No matter how many tanks or bombs or battleships a military force has at its disposal victory is still determined by who owns the real estate. If you do not have troops on the ground you have not secured an area. If you do have troops on the ground they can be shot or stabbed or clubbed.
But that speaks more to the technical nature of the question & I'm trying to concentrate on the philosophical/ideological reasons for the answers.
I will claim that a domestic militia action against the u.s. military is winnable (or at least unwinnable for the military) because like most gun nuts & individualists I cannot fathom living in a world where I have no choice but to be a slave, so I see ways to avoid that even if they're perilous. Out of that sort of determination wars can be won.
Anti-gunners though see only an overwhelming force (in the military) & cannot imagine living in a world where a person such as myself could threaten such might. They don't care about the technical arguments so much; they just want their government to be able to win any contest & trust that it will always be a benevolent government.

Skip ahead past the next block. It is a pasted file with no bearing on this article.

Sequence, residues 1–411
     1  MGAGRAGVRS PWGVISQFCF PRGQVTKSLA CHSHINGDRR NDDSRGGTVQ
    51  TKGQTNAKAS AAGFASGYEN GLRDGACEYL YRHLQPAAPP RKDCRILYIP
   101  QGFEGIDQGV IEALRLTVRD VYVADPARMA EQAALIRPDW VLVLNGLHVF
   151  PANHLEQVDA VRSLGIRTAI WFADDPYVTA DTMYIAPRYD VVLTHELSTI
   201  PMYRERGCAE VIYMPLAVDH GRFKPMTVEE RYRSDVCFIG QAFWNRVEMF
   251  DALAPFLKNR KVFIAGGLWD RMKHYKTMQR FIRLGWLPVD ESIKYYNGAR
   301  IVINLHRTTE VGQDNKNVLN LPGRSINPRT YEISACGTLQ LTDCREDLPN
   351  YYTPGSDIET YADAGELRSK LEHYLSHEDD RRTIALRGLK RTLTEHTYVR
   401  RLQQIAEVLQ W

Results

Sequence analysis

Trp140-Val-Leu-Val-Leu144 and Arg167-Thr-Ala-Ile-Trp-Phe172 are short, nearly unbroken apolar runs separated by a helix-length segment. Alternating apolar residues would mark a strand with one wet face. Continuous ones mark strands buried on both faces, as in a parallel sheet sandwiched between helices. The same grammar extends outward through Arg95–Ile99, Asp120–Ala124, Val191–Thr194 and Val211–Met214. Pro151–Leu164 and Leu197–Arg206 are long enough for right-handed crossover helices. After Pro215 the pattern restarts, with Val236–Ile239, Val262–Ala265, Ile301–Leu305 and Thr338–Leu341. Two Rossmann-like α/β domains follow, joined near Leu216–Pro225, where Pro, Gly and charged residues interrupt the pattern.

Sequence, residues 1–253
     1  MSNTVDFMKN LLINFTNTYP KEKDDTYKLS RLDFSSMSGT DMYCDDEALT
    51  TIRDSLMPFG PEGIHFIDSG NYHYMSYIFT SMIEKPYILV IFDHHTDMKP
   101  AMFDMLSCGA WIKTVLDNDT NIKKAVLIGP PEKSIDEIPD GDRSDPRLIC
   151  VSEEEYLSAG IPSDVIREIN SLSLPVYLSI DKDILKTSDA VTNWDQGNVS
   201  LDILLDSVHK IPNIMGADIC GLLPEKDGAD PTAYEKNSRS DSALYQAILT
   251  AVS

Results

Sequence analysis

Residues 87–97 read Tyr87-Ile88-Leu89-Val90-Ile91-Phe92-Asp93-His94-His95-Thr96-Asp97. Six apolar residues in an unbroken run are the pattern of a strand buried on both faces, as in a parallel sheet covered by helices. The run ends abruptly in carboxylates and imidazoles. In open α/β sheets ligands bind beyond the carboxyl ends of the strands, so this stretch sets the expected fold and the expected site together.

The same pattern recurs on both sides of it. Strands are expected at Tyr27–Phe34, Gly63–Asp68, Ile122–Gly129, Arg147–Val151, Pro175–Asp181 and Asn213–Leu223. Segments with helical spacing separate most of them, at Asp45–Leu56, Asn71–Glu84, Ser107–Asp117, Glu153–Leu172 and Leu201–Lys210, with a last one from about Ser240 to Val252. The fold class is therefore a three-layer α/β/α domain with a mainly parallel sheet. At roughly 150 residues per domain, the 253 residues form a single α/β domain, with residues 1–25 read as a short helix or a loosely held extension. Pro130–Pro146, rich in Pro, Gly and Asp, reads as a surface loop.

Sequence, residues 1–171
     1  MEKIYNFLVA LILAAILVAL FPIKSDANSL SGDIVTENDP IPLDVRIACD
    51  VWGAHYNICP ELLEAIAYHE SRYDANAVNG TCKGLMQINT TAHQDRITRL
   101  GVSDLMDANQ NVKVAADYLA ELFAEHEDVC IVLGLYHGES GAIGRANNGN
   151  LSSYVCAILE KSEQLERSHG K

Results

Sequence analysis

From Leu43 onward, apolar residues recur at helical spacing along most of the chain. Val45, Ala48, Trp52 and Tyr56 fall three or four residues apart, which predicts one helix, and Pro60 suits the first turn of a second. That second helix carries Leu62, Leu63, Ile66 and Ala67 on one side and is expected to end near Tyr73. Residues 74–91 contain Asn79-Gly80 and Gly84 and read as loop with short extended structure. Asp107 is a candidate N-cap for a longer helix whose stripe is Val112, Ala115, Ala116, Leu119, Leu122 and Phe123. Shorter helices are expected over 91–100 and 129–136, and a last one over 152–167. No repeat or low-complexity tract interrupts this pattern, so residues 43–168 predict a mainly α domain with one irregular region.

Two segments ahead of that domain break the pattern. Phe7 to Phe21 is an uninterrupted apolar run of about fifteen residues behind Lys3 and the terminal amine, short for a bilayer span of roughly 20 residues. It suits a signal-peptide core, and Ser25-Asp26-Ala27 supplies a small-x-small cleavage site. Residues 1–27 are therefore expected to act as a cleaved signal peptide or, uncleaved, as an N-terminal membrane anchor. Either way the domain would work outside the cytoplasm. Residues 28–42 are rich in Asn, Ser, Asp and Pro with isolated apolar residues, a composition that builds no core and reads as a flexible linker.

They like a big powerful government because they see it as a force for good. They like for people to be dependent on government & therefore want a big powerful government capable of providing their needs or desires. So they usually have a serious issue contemplating what such a government could do if it went tyrannical on them. It'd be similar to asking a 4 year old if he ever thought what would happen if his father started severely beating him by the time he was 8, & further if he could successfully defend himself from his father when he started beating him.
It's simply not in their worldview to closely examine such questions.
So you have the anti-gunners who see government as being too powerful to oppose & no one should try anyway because of its benevolent nature contrasted by the gun nuts who see government as any other tool that it can be used for good or evil, but it's not so powerful that resistance would be futile.